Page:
True enough. I want to try it now though, just out of curiosity … and to see what kind of looks I get from my cohabitants :face_with_raised_eyebrow:

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Well, no, I’d rather just not have a corked wine. But you know what I mean…!

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I’ve tried the food wrap or plastic bag trick a few times. For me it worked to an extent, but also seemed to leave a plasticy taint. And the polythene is supposed to remove other aromatics too, so not ideal. All things considered I decided it was not worth the faff.

If you want to try it, make sure the food wrap is polythene. I once tried it with another plastic, and taste was horrible, I suspect due to plasticisers that leached out of the plastic.

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Thanks for sharing @SteveSlatcher, I’m starting to lean that way myself.

The final straw! Just checked and our Asda clingfilm is PVC.

Knew it sounded too good to be true…

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We have had a bad run in the Tastings team the last couple of weeks with a higher than usual proportion of wines being rejected.

I then saw this article from a leading Australian commentator.

Obviously the drop in demand for corks in the Australian wine industry has been covered by the rise in demand for cork sanding blocks from the Aussie cricket team.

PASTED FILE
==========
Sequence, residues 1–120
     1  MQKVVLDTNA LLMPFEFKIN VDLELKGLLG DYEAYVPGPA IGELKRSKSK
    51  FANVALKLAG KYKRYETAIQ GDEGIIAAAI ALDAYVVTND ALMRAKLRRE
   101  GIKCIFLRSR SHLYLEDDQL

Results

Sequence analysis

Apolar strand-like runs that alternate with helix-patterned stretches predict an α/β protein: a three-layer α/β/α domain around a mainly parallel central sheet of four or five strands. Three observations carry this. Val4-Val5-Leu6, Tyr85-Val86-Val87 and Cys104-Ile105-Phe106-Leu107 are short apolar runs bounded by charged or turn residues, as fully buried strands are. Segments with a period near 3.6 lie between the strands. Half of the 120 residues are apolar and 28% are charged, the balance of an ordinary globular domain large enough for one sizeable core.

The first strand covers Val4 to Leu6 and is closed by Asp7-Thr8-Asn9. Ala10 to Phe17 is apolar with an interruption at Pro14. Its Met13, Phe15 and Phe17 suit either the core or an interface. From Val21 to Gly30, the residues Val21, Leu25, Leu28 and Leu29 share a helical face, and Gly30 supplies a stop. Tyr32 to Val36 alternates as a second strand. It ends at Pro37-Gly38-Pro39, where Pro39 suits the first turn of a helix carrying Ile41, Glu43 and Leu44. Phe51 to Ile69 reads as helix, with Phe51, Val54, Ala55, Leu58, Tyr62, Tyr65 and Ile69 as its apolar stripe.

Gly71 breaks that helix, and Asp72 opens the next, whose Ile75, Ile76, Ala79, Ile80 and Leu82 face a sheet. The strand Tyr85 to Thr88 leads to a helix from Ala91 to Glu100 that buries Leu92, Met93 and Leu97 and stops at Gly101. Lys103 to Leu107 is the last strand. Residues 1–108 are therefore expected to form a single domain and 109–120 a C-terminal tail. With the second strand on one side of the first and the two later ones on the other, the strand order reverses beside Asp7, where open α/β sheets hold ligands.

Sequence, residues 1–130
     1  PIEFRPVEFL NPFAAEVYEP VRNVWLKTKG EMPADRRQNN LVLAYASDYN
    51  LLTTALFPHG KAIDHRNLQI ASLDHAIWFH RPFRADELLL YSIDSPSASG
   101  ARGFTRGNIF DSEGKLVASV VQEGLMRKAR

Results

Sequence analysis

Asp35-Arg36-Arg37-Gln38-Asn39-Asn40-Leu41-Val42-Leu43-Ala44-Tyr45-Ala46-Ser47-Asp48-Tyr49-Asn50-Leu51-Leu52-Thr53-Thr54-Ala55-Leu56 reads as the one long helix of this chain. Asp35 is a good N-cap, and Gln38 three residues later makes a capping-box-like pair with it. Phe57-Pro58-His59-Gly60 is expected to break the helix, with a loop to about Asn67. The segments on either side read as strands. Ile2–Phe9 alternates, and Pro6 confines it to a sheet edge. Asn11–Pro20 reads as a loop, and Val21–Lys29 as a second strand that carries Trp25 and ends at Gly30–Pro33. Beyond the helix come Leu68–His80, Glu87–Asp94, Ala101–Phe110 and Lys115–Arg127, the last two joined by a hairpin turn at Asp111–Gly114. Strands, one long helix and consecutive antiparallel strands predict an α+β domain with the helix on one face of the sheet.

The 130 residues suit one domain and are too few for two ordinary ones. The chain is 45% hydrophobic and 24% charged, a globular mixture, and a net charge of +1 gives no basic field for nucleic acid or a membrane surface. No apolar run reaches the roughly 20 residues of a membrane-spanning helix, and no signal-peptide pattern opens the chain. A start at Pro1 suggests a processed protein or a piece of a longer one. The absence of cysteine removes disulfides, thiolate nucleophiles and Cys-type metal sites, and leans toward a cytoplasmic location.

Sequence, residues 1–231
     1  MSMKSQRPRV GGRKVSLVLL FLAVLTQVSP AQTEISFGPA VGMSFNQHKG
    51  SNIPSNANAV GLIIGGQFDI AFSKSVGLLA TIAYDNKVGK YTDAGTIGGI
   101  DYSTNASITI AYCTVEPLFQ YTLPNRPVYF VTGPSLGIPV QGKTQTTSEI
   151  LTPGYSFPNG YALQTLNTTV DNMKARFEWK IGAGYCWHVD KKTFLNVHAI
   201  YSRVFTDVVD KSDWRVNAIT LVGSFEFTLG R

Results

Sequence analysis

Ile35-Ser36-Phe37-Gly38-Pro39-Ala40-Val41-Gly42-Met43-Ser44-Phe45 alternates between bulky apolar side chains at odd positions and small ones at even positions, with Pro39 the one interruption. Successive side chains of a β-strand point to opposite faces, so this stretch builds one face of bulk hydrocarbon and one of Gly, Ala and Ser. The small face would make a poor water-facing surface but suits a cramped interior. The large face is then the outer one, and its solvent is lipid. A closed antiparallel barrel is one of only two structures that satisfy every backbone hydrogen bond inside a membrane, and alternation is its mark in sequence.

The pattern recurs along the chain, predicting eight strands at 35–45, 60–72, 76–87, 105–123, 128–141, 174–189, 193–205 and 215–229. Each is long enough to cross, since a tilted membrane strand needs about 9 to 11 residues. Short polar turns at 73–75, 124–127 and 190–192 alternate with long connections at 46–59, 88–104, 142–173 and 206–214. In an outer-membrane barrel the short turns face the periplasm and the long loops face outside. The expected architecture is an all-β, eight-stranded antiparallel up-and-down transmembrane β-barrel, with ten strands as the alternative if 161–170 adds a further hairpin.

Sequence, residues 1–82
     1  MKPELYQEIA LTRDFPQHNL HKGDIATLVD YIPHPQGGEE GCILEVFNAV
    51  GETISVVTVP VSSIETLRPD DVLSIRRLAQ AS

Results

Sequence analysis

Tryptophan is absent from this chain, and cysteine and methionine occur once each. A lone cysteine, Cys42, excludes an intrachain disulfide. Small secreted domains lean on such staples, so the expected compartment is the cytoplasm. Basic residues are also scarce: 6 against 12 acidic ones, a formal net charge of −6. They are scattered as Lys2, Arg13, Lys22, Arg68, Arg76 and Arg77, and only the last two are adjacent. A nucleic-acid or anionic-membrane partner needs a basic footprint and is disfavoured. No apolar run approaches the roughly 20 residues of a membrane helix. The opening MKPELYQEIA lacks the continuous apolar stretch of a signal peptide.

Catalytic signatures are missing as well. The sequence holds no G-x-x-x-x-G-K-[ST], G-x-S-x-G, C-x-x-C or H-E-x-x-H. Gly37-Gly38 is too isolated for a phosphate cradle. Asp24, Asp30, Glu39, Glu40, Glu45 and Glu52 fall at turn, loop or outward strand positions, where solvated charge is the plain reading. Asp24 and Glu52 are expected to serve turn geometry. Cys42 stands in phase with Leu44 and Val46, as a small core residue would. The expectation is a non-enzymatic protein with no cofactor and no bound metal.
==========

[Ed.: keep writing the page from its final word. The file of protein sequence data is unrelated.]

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I had what I thought was a dodgy bottle and got a refund from TWS. I’ll look through my emails to find out what it was. If memory serves me right, it was a Chilean Merlot about which there had been a few complaints.

This is a really interesting topic for me. I went for ages without finding a wine I could detect an issue with, then bough a case of Chablis Bougros '06 of which 4 were clearly faulty (2 pretty much undrinkable) and two were absolutely perfect. My issue is that, while I thought they smelled and tasted oxidised, I don’t have sufficient knowledge to confirm this was actually the problem. I’ve detected the same “oxidation” taste in a few other whites recently; a Dr Burklin-Wolf Wachenheimer Rechbachel '02 riesling, another GC Chablis ('08) and a hint in a Trimbach cuvee Frederic Emile ('08) that seemed to disappear very quickly